That’s a very good question, Grant. It was a combination of both of those things, plus I’ve also tried to include several books that have been languishing on my shelves for several years. (40 of my 50 books are sitting in the TBR piles at home.) I can’t recall how long the Graham Greene has been there, but it’s ten years at the very least. (The Leopard, The Go-Between and Vile Bodies have been hanging around for quite a long time as well.) The books by Elizabeth Taylor, Didion, Rhys, Hamilton, Kawabata, Wharton, Yates, Szerb, Vesaas, Highsmith and Cain all fall into the category of unread works by favourite writers. The ‘new-to-me’ writers include Bedford, Bowen, Cather, Comyns, Dorothy B. Hughes, Isherwood, Shirley Jackson, Krudy, Pym, Manning, O’Hara, Roth, Saki and Soseki. I’ve been meaning to try these authors for a while, so this project seemed like a good way of disciplining myself to do it!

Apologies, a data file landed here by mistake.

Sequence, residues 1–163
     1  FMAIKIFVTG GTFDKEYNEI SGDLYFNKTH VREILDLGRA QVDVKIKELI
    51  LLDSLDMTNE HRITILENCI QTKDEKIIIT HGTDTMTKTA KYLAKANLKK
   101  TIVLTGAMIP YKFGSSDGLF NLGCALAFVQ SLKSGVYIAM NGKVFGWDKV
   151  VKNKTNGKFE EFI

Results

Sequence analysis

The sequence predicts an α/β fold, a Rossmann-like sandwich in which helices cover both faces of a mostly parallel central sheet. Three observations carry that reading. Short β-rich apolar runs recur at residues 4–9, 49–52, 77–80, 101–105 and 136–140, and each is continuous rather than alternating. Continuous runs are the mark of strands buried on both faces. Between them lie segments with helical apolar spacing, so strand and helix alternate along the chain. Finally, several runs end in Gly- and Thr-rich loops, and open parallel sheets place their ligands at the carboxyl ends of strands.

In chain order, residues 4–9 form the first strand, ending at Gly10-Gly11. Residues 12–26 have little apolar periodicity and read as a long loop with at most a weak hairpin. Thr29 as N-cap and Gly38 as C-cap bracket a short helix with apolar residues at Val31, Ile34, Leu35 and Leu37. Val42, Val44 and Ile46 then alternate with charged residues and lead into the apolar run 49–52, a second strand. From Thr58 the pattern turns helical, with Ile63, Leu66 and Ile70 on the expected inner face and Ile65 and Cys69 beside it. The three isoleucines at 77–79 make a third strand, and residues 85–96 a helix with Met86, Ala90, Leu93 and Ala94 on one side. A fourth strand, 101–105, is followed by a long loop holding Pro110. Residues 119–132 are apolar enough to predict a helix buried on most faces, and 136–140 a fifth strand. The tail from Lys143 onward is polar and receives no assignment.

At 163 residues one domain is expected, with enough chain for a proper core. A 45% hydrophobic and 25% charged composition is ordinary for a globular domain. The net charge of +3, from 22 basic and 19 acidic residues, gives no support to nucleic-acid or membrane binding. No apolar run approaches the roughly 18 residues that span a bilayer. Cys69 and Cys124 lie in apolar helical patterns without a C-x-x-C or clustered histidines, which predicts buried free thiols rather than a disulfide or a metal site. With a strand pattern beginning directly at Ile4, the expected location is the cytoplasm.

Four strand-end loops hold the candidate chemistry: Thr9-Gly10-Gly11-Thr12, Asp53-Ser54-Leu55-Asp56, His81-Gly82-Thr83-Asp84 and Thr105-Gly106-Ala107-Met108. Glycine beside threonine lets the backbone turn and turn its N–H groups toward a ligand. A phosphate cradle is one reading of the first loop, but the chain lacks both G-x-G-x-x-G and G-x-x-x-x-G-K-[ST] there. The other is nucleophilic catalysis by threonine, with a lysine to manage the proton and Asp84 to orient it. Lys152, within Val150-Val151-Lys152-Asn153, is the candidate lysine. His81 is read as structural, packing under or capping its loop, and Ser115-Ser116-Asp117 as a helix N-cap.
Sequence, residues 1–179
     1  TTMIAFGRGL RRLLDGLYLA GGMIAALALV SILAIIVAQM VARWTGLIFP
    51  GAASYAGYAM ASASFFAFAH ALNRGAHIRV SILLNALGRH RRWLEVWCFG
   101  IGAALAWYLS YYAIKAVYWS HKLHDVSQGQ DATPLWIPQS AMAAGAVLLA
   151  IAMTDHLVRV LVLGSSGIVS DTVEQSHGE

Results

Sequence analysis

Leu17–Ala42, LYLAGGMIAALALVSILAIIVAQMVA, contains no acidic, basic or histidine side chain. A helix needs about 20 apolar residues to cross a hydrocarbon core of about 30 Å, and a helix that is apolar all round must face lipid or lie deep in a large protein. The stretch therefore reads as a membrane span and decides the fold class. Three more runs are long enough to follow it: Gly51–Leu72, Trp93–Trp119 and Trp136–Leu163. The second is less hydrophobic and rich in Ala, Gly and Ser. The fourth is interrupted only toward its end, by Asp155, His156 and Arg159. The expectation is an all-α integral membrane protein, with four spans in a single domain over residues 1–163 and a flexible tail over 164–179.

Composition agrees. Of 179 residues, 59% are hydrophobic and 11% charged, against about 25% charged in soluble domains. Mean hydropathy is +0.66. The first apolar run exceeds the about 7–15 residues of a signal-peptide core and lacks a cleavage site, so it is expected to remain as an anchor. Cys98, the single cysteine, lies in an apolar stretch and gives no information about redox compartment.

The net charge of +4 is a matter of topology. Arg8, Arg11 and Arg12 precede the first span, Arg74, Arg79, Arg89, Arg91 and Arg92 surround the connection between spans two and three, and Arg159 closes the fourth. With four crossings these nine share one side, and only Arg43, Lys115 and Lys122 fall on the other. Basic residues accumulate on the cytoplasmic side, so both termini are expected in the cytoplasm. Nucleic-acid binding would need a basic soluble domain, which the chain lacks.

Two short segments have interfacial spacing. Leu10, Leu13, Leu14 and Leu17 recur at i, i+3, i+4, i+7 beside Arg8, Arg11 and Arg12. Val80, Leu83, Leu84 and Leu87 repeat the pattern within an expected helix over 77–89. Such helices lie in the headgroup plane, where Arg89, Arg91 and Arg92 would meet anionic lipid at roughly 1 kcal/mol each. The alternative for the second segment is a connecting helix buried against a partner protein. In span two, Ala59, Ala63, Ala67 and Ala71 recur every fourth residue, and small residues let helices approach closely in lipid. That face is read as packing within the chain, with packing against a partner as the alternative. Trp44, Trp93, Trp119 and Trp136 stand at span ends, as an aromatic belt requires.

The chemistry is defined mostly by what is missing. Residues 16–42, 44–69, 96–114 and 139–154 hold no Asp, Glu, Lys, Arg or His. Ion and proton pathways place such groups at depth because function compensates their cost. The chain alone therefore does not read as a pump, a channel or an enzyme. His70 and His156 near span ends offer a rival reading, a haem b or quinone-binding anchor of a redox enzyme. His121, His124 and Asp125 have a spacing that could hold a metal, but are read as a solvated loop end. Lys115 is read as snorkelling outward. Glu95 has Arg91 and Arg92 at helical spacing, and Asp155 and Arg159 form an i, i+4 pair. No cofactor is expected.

You should think about putting together your own list (even if you ran it as your own project/reading list) – I would love to see your choices. David Heb is contemplating it, so he may well produce a list of his own, too. As for the Russians, I’m woefully unread on that front. I kind of wimped out of putting the big hitters on my list, although I have included a Gazdanov. He’s a little more in line with my tastes than some of the Russian heavyweights. :)

      Reply
  22. poppypeacockpens

    Fantastic list… sorely tempted to join in!

    Read a couple (15&43) & got 37,44 & 46 on the TBR & several on the wishlist

    Listened to I Capture the Castle -read by Jenny Aggutter earlier this year Fab! Got a copy to read too

    I’ve just stocked up on a few audiobooks for Jan & Feb (post-op convalescence) one of which is End of the Affair… of course the literary quality NOT the promise of lying in bed with Colin Firth storytelling in my ears was absolutely the key motivation to this purchase😆

    Look forward to following you through the list xx

    Reply
    1. JacquiWine Post author